|Name:||David Leverett Leet|
|Rank/Branch:||Captain/US Marine Corps|
1, Marine Air Group 15
DaNang Airbase, South Vietnam
|Date of Birth:||21 December 1946 (Highland, IL)|
|Home of Record:||Kenosha, WI|
|Date of Loss:||13 April 1972|
|Country of Loss:||North Vietnam/Over Water|
|Loss Coordinates:||183100N 1073100E (YF673491)|
|Status in 1973:||Missing in Action|
|Other Personnel in Incident:||John M. Christensen (missing)|
REMARKS: RADIO CONTACT LOST
SYNOPSIS: With the addition of the Grumman A6A Intruder to its inventory, the 1st Marine Air Wing (MAW) had the finest two-man, all-weather, low-altitude attack/bombing aircraft in the world. It displayed great versatility and lived up to the expectations of those who pushed for its development after the Korean War. At the time it was the only operational aircraft that had a self-contained all-weather bombing capacity including a moving target indicator mode. In this role it usually carried a bomb load of 14,000 pounds and was used rather extensively in the monsoon season not only in South Vietnam, but in Laos and over the heavily defended areas of North Vietnam.
When the EA6A electronic warfare version of the Intruder was introduced to the combat zone by the Marine Corps, it proved to be a "force multiplier" for all US air assets throughout Southeast Asia. The Intruder was credited with successfully completing some of the most difficult single-plane strikes in the war, and its' air crews were among the most talented and most courageous to serve the United States.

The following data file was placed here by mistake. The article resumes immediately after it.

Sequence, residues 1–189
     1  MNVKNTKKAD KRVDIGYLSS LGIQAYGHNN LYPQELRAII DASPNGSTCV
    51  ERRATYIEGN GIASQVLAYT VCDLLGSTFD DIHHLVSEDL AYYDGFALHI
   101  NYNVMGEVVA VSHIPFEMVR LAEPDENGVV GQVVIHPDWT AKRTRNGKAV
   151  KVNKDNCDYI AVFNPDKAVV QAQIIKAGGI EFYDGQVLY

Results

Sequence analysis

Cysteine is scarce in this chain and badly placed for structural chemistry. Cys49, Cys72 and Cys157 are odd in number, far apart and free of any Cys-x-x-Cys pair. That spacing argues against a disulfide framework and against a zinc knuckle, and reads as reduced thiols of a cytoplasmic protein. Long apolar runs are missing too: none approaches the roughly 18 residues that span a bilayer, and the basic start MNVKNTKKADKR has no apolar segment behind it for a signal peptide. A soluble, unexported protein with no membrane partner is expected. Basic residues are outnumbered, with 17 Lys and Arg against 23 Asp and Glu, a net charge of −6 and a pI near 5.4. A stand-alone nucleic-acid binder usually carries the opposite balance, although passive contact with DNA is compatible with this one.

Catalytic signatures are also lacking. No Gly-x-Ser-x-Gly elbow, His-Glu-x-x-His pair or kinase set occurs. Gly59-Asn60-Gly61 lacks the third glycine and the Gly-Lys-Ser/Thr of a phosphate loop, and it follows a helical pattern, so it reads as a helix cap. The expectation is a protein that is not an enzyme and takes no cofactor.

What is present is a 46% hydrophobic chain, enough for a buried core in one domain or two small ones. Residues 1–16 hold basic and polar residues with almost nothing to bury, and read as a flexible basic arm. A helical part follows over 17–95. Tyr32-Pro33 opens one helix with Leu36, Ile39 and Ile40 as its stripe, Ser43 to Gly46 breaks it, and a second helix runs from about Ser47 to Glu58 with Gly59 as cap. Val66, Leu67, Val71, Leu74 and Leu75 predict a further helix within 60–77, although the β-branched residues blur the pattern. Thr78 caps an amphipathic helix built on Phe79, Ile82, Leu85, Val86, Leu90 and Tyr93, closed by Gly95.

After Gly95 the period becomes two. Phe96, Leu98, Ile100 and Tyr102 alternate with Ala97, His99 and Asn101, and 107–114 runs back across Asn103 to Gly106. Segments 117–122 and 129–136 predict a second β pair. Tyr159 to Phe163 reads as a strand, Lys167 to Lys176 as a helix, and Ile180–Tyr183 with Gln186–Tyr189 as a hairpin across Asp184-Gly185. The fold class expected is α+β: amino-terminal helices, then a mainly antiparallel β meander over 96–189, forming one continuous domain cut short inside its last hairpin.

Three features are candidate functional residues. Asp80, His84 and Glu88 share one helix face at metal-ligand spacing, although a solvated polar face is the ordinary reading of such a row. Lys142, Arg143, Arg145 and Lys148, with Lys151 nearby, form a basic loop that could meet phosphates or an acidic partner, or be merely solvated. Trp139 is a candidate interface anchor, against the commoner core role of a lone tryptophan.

On 13 April 1972, Capt. David L. Leet, pilot; and Capt. John M. Christensen, electronic counter-measure officer, departed DaNang Airbase on a night combat mission deep in North Vietnam. Their target area included the extremely well defended area of Hanoi/Haiphong Harbor. After completing their mission, the Intruder was on its return flight to base. Capt. Leet established their last radio contact at 0412 hours. At that time there was no indication of trouble with the aircraft and was approximately 100 miles inland from the coast of North Vietnam, 165 miles south-southwest of Haiphong, 92 miles northeast of Dong Hoi, North Vietnam; and 175 miles north-northwest of DaNang.
When the Intruder failed to return to base, a full scale search and rescue (SAR) operation was initiated. During the extensive aerial search, no trace of the aircraft or its crew was found. At the time the formal search was terminated, both David L. Leet and John M. Christensen were listed Missing in Action.
Since the end of the Vietnam War well over 21,000 reports of American prisoners, missing and otherwise unaccounted for have been received by our government. Many of these reports document LIVE American Prisoners of War remaining captive throughout Southeast Asia TODAY.
Pilots and aircrews in Vietnam and Laos were called upon to fly in many dangerous circumstances, and each was prepared to be wounded, killed or captured. It probably never occurred to them that they could be abandoned by the country so proudly served.